Tip of the Week Archive
  It never ceases to amaze me how tennis racquet manufacturers are always
coming up with new ways to improve their tennis racquets. Some technology
is abandoned so fast you wonder if the technology really worked to improve
their tennis frames.  I would like to give a brief run down of some tennis
racquet technology and how it has changed or died.
   Since I am a Dunlop Advisory Staff tennis pro and since I sell exclusively
Dunlop racquets, I will start with Dunlop.
   DUNLOP – A few years ago, Dunlop began making tennis racquets with â
€œhot meltâ€�. Hot melt is a thermoplastic liquid forming a graphite skin
layer over the whole racquet. This make the frames 30% stronger and 34%
more powerful. Next they came up with I.C.E. technology. Internally Cooled
Engineering is process of rapid cooling a tennis frame after the mold is
made, by injecting cool air through hollow tubes inside the frame. This forms
a crystalline fusion of resin and fibre creating maximum strength. Now for
2005 Dunlop has added M-Fil (multi filaments) fibers to the 3 and 9 oâ
€™clock areas of a tennis frame. Different types of fibers are combined to
soften and give a more cushioned response. The 2 Hundred uses carbon, s-
fibers and magnesium. The 3 hundred uses carbon, t-fibers and tungsten.
The 5 hundred has carbon, r-fibers and boron. The 7 Hundred has carbon, e-
fibers and chromium. Each blend of fibers have specific properties to
enhance that racquet. At least Dunlop kept “hot melt� and just added
the M-Fil technology.
   HEAD – Intelligent fibers were the new advance in frame technology a few
years ago. They were fibers that “stiffened� on impact with the ball
creating a stiff and powerful frame. Then Liquidmetal came along and
intelligent fibers disappeared faster than warm Krispy Kremes on a Sunday
morning. I guess they weren’t so smart after all. Liquidmetal was to give
Head’s racquets new found power by placing Liquid metal in the four
stratigic areas of the frame. Liquid metal has tested to be be stronger and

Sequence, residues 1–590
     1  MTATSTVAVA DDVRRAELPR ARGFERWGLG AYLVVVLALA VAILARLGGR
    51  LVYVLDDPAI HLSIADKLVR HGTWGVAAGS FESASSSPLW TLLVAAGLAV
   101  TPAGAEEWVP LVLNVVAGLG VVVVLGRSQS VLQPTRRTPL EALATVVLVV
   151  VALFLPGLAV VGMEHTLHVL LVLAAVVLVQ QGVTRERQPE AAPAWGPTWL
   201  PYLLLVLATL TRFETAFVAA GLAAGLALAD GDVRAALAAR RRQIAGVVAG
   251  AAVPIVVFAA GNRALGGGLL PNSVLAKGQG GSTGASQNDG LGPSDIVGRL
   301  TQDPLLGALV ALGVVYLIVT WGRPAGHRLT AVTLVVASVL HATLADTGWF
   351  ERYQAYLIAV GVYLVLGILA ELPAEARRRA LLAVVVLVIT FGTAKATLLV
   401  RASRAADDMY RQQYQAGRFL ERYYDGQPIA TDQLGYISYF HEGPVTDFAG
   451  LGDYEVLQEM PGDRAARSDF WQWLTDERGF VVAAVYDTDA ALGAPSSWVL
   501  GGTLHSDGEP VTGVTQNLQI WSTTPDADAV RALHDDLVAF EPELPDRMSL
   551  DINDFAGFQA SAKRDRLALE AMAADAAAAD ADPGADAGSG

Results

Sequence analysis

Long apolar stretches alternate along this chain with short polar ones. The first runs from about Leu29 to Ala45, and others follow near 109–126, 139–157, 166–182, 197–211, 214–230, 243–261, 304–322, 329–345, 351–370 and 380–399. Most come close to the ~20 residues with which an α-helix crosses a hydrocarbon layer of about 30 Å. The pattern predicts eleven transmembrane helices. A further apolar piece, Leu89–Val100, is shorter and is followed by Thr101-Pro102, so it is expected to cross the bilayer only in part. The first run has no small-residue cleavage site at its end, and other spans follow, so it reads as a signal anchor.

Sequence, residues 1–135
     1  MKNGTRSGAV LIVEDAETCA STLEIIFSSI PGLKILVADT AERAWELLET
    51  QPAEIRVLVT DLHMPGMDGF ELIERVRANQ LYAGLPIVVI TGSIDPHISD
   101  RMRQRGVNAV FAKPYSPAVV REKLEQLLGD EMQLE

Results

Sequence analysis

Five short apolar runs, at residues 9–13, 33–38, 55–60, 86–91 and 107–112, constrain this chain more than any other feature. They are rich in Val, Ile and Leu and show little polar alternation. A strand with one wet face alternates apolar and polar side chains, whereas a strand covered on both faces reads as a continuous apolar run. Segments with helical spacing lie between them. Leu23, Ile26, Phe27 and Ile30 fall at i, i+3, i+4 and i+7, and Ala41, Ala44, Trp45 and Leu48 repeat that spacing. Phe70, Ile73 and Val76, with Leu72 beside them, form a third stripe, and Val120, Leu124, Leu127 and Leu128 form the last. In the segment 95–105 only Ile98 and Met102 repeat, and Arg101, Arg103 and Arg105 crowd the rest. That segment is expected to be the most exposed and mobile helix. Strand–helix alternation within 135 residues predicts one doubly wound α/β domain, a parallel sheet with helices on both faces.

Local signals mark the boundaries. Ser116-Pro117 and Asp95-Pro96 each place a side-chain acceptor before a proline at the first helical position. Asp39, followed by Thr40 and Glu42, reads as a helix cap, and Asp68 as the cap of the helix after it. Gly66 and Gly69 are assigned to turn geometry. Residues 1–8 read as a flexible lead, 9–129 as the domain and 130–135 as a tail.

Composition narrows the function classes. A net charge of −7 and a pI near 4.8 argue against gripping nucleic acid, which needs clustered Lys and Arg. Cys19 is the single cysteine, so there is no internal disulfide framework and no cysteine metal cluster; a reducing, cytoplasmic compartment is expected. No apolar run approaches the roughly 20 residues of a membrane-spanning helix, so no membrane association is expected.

more powerful than titanium. Now Head has a new gimmick (that’s my
opinion) with Flex Point. Flex points are holes drilled in the side of the frames
at 3 and 9 o’clock. Supposedly the frame is to flex on impact with a ball
and “cup� the ball to offer ultimate control. Dunlop is using this same
idea in their recreational racquet line of I-Zone frames. Head is still using
Liquidmetal in the frames and is adding a “holes� in the sides.
   PRINCE – They gave us the original “oversizedâ€� tennis racquet.
Lately it’s the Triple Threat technology which has fibers added to the
frames at 10 and 2 o’clock and in the handle. Different frames had
different fibers added. Much like Dunlop’s M-fil, Prince was using various
combinations of titanium, tungsten, copper, and carbon. Next came the â
€œMoreâ€� series of racquets. These frames were glued together from 2
separate halves with holes for the strings that were made in the mold not
drilled like most racquets. The claim was the strings touched the frame and
gave better feel and less vibration. Now Prince has molded bigger holes and
called them the “O-zone�. These huge holes are going to expand the
sweet spot and eliminate vibration (string vibration before was cancelled out
with dampeners place between the strings in the throat area. Does anyone
remember the Wilson “Rollers� racquets with huge holes in the sides?
At least it looks like Prince is still adding tungsten and titanium fibers to the 10
and 2 o’clock areas. This means Triple Threat technology was a true
advancement and is here to stay.
    Next well look at Babolat, Volkl, Yonex, and the “kingâ€� of all
technology, Wilson.

Doug Hofer, USPTA & USRSA Certified      March 30, 2005
Link to Head
Link to Prince